Related
Announcement
November 15, 2016

Fall 2016 exhibitions: Lynn Hershman Leeson, Kenyatta A.C. Hinkle, Amy Cutler, Susan Jamison

Moss Arts Center at Virginia Tech
Lynn Hershman Leeson, Roberta Construction Chart 2, 1975. Archival digital print and dye transfer. Collection of the artist. Courtesy of Bridget Donahue.

The Moss Arts Center at Virginia Tech presents four interrelated one-person exhibitions by female artists that deal inventively with identity and the female persona. Across a range of media including painting, photography, works on paper, digital and internet based works, the art in these exhibitions tells intriguing stories, tales imbued with fantasy–at times disarming and seductive, sometimes witty and humorous, at times incisive. They explore alter egos, ambiguous imaginary persona and situations as a vehicle to probe the impact of political and personal histories on the female self.

Lynn Hershman Leeson
Internationally acclaimed for her pioneering use of media and new technologies in her art, Lynn Hershman Leeson has consistently examined the relationship between humanity and technology, with a focus on the construction of identity, interactivity, artificial intelligence, voyeurism, surveillance, and the relationship of the real to the virtual. This exhibition presents a succinct selection of the artist’s signature works throughout her career, including those that revolve around invented female persona, alter egos, or avatars as a means to probe female identity. More recent works that address challenges and complexities of human life in an increasingly bio- and genetically engineered world are also included. A related exhibition of Hershman Leeson’s work titled Body Collage, is on view at Virginia Tech’s School of Visual Arts’ Armory Gallery.

Kenyatta A.C. Hinkle
In works on paper and wood panel Kenyatta A.C. Hinkle explores what she describes as the “historical present,” which speaks to the residue of history and how it affects our world perspectives. She focuses on the Black female body and how perceptions of it have been distorted within the visual cultures of the past and present. With fluid and imaginative renderings in ink and acrylic Hinkle presents a critique of colonialism, the scourge of racism and its impact of female identity and its consequences in the world in which we live.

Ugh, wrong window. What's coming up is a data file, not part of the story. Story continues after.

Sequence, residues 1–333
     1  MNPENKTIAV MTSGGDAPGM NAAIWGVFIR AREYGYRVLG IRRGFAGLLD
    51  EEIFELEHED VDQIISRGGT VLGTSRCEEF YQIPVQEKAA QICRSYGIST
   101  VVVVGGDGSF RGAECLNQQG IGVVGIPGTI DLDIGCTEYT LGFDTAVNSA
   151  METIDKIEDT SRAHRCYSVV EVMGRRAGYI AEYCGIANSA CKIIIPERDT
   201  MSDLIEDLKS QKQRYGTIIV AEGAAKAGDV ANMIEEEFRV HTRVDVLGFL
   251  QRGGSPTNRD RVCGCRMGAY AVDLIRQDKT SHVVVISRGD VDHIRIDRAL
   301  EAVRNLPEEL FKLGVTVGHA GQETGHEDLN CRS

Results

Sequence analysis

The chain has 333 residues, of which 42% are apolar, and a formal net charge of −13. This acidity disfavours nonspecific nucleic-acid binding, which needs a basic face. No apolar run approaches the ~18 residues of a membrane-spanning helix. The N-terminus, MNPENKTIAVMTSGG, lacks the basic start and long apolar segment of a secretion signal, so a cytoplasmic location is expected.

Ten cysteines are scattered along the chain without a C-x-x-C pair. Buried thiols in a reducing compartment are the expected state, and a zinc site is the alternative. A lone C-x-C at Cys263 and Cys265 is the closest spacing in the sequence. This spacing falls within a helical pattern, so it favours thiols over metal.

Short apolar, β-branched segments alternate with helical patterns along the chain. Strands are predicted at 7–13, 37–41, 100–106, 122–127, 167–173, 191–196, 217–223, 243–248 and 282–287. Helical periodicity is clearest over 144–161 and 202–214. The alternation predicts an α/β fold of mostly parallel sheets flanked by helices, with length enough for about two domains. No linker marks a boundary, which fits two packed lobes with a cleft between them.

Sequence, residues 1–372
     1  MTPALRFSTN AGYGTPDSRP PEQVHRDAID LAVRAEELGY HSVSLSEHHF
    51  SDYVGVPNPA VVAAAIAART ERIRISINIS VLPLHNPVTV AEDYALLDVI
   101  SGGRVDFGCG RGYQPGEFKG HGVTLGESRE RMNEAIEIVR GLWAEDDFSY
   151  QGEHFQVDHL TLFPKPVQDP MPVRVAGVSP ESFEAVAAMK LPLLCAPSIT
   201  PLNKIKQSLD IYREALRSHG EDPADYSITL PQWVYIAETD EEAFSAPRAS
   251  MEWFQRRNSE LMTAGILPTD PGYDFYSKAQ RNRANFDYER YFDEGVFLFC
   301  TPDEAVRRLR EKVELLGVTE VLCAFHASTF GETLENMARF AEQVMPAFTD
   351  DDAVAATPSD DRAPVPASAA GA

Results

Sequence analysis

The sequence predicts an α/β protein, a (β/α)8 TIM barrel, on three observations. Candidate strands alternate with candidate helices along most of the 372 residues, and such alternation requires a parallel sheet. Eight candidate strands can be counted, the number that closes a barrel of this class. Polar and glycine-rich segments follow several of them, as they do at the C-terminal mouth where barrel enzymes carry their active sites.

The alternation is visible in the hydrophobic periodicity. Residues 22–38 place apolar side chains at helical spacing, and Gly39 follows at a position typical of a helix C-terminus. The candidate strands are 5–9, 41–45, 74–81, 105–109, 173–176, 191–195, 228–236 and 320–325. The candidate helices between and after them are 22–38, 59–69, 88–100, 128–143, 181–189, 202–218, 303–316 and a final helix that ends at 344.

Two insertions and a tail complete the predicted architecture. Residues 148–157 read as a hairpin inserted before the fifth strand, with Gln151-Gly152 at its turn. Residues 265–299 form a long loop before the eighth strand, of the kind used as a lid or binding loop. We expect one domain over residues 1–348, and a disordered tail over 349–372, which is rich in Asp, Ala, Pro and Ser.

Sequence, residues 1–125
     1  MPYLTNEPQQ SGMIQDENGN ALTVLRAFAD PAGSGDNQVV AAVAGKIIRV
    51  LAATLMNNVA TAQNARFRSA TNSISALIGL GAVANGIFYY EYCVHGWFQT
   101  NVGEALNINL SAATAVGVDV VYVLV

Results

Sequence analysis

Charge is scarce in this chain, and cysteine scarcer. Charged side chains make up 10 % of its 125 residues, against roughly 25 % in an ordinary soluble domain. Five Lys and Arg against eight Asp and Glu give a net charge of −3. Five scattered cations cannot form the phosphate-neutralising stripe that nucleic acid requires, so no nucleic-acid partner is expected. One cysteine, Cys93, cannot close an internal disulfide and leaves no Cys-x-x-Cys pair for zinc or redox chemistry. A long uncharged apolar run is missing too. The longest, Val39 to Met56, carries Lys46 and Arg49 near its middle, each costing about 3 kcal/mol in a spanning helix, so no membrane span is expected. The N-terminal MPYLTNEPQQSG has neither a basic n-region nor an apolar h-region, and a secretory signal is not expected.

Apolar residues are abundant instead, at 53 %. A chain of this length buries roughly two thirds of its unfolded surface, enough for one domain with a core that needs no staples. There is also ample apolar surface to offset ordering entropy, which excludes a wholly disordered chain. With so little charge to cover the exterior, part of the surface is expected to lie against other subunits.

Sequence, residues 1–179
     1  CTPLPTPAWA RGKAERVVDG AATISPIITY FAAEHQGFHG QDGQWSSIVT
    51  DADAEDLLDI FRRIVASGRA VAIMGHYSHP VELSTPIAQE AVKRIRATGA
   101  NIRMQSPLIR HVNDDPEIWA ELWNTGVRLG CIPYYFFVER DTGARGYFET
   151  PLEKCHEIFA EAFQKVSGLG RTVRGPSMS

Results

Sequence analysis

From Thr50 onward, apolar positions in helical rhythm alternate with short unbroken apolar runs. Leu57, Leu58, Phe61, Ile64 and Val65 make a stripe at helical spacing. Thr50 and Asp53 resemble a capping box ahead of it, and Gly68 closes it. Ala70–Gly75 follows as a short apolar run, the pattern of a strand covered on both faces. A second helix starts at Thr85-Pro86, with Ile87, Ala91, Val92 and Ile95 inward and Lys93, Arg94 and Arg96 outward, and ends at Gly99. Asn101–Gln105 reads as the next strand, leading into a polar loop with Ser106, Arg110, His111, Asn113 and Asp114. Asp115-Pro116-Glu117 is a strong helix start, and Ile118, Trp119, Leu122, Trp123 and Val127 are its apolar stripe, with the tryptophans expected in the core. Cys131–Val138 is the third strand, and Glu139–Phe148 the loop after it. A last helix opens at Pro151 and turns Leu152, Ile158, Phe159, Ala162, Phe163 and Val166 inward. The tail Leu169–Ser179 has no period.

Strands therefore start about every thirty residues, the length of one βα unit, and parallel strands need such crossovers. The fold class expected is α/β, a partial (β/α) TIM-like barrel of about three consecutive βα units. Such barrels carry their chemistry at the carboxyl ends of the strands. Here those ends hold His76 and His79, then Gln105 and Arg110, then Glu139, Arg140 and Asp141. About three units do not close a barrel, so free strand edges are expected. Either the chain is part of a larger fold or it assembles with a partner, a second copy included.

Amy Cutler
Informed by Persian miniatures, medieval art, and Japanese ukiyo-e prints among other sources, Amy Cutler’s exquisitely detailed drawings, prints, and gouache on paper works portray a wildly imaginative and enigmatic world in which women, seemingly from an imaginary or bygone era, are engaged in the most surreal and unlikely tasks. Intriguing and baffling, yet delivered with wit and humor, her works delineate the many absurdities and challenges that often characterize women’s lives. The exhibition features 15 paintings on paper, including a selection of the artist’s most exemplary large-scale works from some of this country’s most renowned private collections.

Susan Jamison
Susan Jamison’s exquisite egg tempera paintings on canvas draw from a rich trove of sources—personal narratives, myths, folk tales, Renaissance portraiture, scientific illustration, ornamental sewing, and tattoo traditions. They portray dream-like visions of the female archetype as mythical, alluring, and powerful, yet vulnerable. Featured in the exhibition were 14 paintings from 2008 to 2016 on view through October 8, 2016.

Exhibitions at the Moss Arts Center are curated by or organized under the direction of Margo Ann Crutchfield, curator at large.

About the Moss Arts Center
Virginia Tech’s Moss Arts Center presents renowned artists from around the globe and from close to home, with a special focus on experiences that expand cultural awareness and deepen understanding. Uniquely partnered with the Institute for Creativity, Arts, and Technology, the Moss Arts Center houses the Street and Davis Performance Hall and its Anne and Ellen Fife Theatre, visual art galleries, the experimental venue the Cube, and research studios.

Dedicated to its motto, Ut Prosim (That I May Serve), Virginia Tech takes a hands-on, engaging approach to education, preparing scholars to be leaders in their fields and communities. As the commonwealth’s most comprehensive university and its leading research institution, Virginia Tech offers 240 undergraduate and graduate degree programs to more than 31,000 students and manages a research portfolio of 513 million USD. The university fulfills its land-grant mission of transforming knowledge to practice through technological leadership and by fueling economic growth and job creation locally, regionally, and across Virginia.

Thank you!

An email with a confirmation link has been sent to the email address you entered. To complete your subscription, click this link.